16 tips for getting 90 percent of your work done before lunch

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“You can get 90 percent or more of your work done in the morning. How? I’m going to give you 16 amazing productivity tips, but first let me set the stage:

  • First, I’m defining work as stuff that you do (important stuff). Ideally, meetings can be shoved out of the picture.
  • Second, this approach is built on the Pareto principle. The Pareto principle states that 80 percent of your results come from 20 percen of your efforts. Getting your work done in the morning means that you can take a leaner approach to the important tasks —a smart approach.

1_Schedule your day the night before
Every day, you should list all your tasks and when you’re going to do them the following day. You will not be productive unless you plan out everything you’re going to do the next morning (but don’t schedule too much: keep your to-do schedule light to actually accomplish real work).

2_Clean your office the night before
Clutter in your office creates distractions. A sticky note on your desk that says ‘Call Bob ASAP!’ can throw off your whole day. Showing up to work in a spic-and-span environment helps you to think clearer and work harder.

3_Wake up at an ungodly hour
To really get stuff done, you’ve got to get up in time to make it happen. I recommend anytime from 5:30 to 6:30 a.m. If your morning routine takes a little longer, bump your wake-up time back a little more. Obviously, you’ll need to adjust your bedtime accordingly.

Scientific evidence shows that morning exercise can make us think better, work better and become more productive. Harvard’s John Ratey is the author of Spark: The Revolutionary New Science of Exercise and the Brain. He writes that exercise is essential for reaching ‘high-performance levels in intellectually demanding jobs’.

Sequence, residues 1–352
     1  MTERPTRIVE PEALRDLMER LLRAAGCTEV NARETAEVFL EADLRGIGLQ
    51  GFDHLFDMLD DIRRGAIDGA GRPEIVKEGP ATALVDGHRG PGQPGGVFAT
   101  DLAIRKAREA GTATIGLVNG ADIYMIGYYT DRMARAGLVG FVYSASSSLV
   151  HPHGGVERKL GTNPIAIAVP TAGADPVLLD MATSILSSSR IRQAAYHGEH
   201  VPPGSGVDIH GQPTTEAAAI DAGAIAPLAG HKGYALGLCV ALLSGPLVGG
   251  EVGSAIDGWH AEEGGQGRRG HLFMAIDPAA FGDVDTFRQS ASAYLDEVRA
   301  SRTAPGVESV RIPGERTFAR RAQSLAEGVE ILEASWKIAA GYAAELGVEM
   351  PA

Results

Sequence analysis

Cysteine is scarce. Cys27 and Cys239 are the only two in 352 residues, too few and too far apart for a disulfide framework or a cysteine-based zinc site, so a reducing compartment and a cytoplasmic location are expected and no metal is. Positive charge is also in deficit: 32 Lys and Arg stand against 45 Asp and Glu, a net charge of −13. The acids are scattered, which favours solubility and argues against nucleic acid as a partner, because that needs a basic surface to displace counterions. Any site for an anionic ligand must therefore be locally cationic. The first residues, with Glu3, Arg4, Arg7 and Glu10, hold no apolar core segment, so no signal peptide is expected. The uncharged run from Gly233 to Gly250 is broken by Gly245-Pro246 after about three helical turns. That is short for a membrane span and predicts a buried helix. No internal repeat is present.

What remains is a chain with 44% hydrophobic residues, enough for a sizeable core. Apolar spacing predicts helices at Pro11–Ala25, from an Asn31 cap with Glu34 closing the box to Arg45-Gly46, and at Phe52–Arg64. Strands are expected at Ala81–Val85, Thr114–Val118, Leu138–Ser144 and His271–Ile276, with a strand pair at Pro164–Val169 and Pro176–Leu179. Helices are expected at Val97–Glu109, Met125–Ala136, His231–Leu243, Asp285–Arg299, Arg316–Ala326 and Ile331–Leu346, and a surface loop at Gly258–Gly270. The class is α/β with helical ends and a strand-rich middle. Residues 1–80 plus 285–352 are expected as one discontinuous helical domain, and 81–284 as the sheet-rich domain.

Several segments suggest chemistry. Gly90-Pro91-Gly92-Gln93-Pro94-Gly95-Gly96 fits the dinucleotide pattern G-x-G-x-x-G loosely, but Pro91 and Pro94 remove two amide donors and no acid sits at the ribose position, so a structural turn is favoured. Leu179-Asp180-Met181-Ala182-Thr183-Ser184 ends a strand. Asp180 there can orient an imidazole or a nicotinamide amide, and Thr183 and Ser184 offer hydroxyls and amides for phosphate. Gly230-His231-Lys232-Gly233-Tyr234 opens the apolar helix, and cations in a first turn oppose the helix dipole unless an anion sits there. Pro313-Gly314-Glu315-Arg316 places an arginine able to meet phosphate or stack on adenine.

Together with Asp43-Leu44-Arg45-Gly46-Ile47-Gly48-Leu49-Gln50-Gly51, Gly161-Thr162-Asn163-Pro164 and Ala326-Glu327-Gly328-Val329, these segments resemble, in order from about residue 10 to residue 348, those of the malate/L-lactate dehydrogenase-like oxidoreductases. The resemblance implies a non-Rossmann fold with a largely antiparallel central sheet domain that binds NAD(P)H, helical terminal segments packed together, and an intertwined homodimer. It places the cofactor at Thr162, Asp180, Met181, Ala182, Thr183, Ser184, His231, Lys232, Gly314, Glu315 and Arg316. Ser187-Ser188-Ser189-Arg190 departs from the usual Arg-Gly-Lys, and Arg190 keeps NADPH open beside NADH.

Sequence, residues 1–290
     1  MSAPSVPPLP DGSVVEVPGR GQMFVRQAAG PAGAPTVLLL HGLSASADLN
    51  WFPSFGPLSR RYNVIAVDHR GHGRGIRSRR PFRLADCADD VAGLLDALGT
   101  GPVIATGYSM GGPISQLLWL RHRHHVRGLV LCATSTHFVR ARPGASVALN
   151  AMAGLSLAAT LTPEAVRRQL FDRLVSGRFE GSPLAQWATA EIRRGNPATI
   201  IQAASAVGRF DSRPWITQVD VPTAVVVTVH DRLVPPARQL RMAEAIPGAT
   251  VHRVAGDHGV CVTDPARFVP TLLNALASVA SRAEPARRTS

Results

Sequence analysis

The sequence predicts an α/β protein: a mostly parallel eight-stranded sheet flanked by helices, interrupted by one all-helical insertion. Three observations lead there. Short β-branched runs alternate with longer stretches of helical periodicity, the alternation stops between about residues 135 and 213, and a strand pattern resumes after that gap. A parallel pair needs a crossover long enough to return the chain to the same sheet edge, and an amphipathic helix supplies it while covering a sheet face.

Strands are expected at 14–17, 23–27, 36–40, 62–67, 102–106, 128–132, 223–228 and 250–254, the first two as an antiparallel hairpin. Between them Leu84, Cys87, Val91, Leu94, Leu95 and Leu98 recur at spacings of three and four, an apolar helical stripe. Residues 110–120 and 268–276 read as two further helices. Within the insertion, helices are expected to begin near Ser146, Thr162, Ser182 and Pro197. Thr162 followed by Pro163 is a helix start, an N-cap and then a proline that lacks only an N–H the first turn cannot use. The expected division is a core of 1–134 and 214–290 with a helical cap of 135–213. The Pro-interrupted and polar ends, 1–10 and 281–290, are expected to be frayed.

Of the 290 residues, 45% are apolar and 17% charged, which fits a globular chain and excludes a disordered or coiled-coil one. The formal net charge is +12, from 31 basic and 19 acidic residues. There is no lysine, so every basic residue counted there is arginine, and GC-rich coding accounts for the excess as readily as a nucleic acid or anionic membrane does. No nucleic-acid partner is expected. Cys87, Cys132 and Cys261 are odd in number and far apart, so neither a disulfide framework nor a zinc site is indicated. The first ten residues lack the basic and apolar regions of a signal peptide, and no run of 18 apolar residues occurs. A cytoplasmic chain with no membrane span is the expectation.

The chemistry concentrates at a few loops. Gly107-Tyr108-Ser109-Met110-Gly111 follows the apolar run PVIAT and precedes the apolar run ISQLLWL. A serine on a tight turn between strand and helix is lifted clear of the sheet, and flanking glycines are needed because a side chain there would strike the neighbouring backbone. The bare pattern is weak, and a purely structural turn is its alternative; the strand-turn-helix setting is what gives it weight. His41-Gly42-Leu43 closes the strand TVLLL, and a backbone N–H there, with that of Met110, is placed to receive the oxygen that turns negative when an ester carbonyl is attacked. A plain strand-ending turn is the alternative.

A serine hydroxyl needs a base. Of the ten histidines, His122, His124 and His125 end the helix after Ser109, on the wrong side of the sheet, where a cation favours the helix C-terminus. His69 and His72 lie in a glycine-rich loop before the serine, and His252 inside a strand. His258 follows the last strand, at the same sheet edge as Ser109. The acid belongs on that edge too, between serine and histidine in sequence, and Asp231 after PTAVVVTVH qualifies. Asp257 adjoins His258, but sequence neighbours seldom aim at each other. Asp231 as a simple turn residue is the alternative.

5_Stick to your schedule
Don’t let yourself veer off the course that you’ve mapped out. You have a limited amount of time. Don’t ruin the schedule. Take your schedule, allow it guide you, and you’ll be able to accomplish more.

6_Give yourself 20 minutes to reach flow
Flow is when you’re in the zone. This happens when you are completely absorbed in your activity, singlemindedly accomplishing things at a high level and rapid pace. It takes some time to reach flow, so if you don’t feel productive or engaged in your work, just give it some time.

7_Make 60-second decisions
Decision making is a time-draining vortex. When you’re faced with a decision in the course of your work, give yourself a one-minute limit. Your decision will be just as good, but it will take less time.

8_Wear headphones
Headphones can shut out distractions and keep you focused. Harvard Business Review advises workers to put on their headphones to be more productive.

9_Do the toughest tasks first
Mark Twain wrote: ‘If you eat a frog first thing in the morning that will probably be the worst thing you do all day’. Brian Tracy turned this statement into an entire principal (and even wrote a book on it: Eat that frog!). If you get your biggest and ugliest task done first, the rest of the day will be massively productive.

10_Do your writing early on
Writing is one of the most mentally demanding tasks. However, writing also has the power of focusing your brain and improving your productivity. Do you writing early in the day, and you’ll improve both the quality of your writing and the rest of your day.

11_Don’t commute
If you typically have a lengthy work commute, do everything you can to avoid it. It’s not just wasted time that you want to guard against. It’s the mental havoc. A commute is one of the most stressful parts of the day. Starting your workday with that level of stress can completely ruin your productivity.

12. Don’t hold meetings (even over the phone)
If you’ve been in business for very long, you know that most meetings are a waste of time. Avoid meetings if at all possible.

13_Don’t check your email first thing
The electronic communication pipeline can be as destructive as meetings. Sure, you need to deal with email. It’s important, but don’t let it swallow your day by starting out with it.